A clandestine leftist organization has claimed responsibility for two bombings in Ecuador’s largest city, sparking concerns about a nascent insurgency in the South American country.
On November 22, two separate bombs exploded nearly simultaneously in downtown Guayaquil, the first of which went off in front of the local Ministry of Health offices, while the second detonated several blocks away. While no one was seriously injured in either incident, the second explosion sent dozens of leaflets flying through the air, all of which bore a call to arms against the center-left government of President Rafael Correa.
The flyers were titled “The Right to Work is Guaranteed by the Constitution and We Will Defend it Through Blood and Fire,” and issued a scathing critique of President Correa’s recent decision to fire thousands of doctors and other public health professionals to rein in federal spending. Calling on the youths of Ecuador to “join the ranks of the militias and people’s army in order to rid ourselves once and for all of the rightist mafia known as Alianza Pais [Correa’s political party],” the statement was signed by a group calling itself the Armed Revolutionary Insurgent Forces of Ecuador (FAIRE).
The appearance of a leftist insurgency is unusual for Ecuador, which, unlike neighboring Peru and Colombia, has been free of large-scale insurgent groups for most of its history. The most notable left-wing rebel group in Ecuador’s past was a small urban guerrilla front known as the Eloy Alfaro Popular Armed Forces. Named after an early 20th century revolutionary, the guerrillas carried out a series of kidnappings and bank robberies in the mid to late 1980s, but were swiftly dismantled by security forces. By 1989, the group’s remaining members had agreed to lay down their arms.
Since then, several small-scale rebel groups have emerged in the country, such as the Red Sun Communist Party of Ecuador, the Group of Popular Combatants, the Alfarist Liberation Army, and the Guerrilla Coordinator of Ecuador. However, none of these have been able to mobilize mass support, and do not pose a significant threat to the Ecuadorean government. It is unclear if any links exist between these groups and the FAIRE, but police claim that the November 22 bombings were first they had heard of the group, suggesting that it may be an entirely new force.
The real security threat does not lie in potential in collusion between these groups, however, but on the northern border with Colombia, where the Revolutionary Armed Forces of Colombia (FARC) are known to operate. As InSight Crime has documented, the FARC’s presence in Ecuador was an open secret for years, and Ecuadorean security forces, like their Venezuelan counterparts, seemed to turn a blind eye to FARC activity in the border region. This changed in March 2008, when the Colombian air force bombed a FARC camp located in Ecuadorean territory, killing Luis Edgar Devia Silva, alias “Raul Reyes.”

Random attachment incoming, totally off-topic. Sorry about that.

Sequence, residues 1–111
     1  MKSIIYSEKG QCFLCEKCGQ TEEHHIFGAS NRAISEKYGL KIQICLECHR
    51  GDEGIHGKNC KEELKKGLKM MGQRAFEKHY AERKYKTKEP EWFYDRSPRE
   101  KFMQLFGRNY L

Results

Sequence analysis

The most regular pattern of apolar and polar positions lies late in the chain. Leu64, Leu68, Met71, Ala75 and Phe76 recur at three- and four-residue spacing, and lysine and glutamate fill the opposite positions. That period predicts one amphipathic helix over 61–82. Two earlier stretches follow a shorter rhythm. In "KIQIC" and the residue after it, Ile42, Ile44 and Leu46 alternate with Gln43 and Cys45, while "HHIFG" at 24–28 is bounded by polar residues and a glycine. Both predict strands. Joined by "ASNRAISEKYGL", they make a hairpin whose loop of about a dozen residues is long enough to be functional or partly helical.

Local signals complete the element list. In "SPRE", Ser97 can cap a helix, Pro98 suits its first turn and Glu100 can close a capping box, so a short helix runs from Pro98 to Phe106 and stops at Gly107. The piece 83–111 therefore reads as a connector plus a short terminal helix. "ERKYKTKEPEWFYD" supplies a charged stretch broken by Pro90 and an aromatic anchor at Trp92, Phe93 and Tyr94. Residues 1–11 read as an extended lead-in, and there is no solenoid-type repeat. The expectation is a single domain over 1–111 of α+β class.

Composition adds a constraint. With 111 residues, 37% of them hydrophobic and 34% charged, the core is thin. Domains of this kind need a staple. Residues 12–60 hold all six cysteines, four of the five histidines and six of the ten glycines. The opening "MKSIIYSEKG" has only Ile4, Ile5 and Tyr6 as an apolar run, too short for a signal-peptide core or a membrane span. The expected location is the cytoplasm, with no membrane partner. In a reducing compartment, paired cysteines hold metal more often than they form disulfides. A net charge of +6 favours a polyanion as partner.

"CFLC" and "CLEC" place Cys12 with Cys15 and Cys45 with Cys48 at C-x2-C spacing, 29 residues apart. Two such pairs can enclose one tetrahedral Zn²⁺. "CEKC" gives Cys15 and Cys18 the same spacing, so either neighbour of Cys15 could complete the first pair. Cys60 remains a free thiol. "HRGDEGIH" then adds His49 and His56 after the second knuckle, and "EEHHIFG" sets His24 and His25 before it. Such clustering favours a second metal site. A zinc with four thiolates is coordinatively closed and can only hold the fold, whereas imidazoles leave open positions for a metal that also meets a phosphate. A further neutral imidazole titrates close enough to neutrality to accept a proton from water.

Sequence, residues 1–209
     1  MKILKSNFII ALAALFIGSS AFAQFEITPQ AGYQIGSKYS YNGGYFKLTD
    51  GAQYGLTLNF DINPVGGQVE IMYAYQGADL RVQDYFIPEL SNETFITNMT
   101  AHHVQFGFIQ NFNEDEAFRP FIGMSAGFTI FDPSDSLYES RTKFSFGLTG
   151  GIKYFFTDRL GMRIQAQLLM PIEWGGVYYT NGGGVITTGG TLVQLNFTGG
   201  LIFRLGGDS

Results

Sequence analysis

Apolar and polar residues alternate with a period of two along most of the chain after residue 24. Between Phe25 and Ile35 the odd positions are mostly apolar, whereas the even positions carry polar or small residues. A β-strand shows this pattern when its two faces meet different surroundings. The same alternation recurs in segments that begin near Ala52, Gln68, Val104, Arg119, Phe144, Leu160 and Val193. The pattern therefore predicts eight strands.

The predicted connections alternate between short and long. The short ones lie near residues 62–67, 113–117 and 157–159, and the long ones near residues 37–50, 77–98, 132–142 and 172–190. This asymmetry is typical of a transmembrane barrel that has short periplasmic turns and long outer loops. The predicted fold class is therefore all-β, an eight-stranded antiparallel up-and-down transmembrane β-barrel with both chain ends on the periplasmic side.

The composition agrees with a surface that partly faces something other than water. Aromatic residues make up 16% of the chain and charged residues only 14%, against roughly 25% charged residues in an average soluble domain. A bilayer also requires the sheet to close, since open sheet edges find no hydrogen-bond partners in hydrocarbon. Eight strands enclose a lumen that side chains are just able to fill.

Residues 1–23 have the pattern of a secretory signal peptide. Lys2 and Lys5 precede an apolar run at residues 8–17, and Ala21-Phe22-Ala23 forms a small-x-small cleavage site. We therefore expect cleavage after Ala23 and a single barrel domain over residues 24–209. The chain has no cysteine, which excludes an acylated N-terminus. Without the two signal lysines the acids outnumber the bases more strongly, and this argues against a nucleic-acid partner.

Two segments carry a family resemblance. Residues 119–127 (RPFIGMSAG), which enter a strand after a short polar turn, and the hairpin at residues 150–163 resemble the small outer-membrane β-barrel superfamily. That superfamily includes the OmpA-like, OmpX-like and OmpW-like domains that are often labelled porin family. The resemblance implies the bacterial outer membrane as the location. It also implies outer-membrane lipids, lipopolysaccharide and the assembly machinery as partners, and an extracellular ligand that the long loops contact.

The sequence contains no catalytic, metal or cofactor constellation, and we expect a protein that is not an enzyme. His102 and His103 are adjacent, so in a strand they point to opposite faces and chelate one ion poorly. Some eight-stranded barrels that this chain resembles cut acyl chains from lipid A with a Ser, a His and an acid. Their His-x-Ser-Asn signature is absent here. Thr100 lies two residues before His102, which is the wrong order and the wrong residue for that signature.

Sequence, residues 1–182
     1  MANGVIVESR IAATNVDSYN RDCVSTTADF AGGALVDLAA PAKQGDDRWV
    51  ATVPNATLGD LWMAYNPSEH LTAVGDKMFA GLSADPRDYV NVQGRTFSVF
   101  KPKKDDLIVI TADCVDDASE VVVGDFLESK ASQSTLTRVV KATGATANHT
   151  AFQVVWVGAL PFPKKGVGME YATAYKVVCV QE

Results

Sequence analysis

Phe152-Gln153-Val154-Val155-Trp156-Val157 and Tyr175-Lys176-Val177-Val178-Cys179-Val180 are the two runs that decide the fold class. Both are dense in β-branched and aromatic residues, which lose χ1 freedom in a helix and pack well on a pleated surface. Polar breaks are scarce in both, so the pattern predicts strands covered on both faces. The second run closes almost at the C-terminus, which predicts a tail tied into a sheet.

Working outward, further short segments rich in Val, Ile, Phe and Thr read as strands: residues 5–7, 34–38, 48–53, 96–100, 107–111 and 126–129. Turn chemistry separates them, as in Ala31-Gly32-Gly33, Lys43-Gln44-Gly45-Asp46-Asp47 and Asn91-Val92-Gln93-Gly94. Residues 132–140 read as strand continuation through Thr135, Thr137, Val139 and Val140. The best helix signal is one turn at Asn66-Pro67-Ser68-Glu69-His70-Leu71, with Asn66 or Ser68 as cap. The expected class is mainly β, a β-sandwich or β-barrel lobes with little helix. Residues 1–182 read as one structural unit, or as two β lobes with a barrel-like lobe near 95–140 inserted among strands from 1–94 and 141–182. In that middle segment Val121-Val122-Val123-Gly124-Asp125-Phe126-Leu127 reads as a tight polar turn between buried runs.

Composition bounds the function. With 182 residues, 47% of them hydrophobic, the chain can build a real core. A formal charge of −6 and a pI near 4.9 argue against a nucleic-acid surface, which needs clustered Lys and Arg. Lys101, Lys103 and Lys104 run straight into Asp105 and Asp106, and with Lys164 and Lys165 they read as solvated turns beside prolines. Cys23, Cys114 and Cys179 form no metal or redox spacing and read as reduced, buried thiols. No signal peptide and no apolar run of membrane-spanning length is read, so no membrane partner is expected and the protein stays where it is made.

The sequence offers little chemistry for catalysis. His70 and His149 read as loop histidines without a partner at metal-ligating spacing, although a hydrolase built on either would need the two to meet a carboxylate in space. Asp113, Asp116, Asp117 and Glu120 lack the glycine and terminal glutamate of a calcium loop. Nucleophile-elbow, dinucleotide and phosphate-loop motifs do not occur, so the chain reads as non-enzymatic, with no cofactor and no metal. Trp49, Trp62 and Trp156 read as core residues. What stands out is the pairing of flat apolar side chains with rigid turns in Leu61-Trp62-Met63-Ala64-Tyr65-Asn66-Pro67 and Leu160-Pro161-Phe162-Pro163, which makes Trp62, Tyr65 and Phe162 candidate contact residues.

Although the attack caused Ecuador to shut off diplomatic relations with Colombia for two years, it also brought unprecedented international attention to the FARC’s activities in Ecuador. This, combined with the fact that Correa himself has been accused of accepting donations from the FARC for his latest presidential campaign, has prompted the Ecuadorean government to crack down on the rebels.
With the loss of Ecuador’s tacit support, the FARC have also lost an incentive not to conduct operations on Ecuadorean soil, meaning that they could potentially be a valuable ally to nascent guerrilla groups such as the FAIRE. While it is hard to see what the FARC would gain by supporting Ecuadorean insurgents, Colombian intelligence officials allege that such international cooperation has already been documented, most notably between the FARC and Peru’s Shining Path (Sendero Luminoso).
Because support from the FARC would almost certainly mean unwanted attention to the Colombians’ camps along the border, the FAIRE would likely have to become far more influential for the FARC to want to collaborate with them. The FAIRE would have to develop a much larger support base, and likely expand their operations beyond mere bombings, to include confrontations with security forces. Ultimately, the group is a long way from this, and if their luck resembles that of the other small insurgencies in Ecuador, they’ll be taken down long before they become such a threat.